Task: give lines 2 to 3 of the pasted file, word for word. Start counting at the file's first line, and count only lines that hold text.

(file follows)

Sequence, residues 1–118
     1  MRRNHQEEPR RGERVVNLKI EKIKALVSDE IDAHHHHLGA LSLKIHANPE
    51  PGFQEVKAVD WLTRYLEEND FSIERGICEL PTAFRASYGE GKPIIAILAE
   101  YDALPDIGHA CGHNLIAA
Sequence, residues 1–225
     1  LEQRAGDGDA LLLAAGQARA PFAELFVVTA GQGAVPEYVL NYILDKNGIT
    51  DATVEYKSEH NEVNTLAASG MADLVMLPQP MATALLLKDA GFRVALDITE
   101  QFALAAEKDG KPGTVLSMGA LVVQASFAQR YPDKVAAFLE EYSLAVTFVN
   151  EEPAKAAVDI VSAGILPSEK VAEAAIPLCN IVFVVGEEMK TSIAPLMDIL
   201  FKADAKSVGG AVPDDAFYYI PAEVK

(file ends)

     1  MRRNHQEEPR RGERVVNLKI EKIKALVSDE IDAHHHHLGA LSLKIHANPE
    51  PGFQEVKAVD WLTRYLEEND FSIERGICEL PTAFRASYGE GKPIIAILAE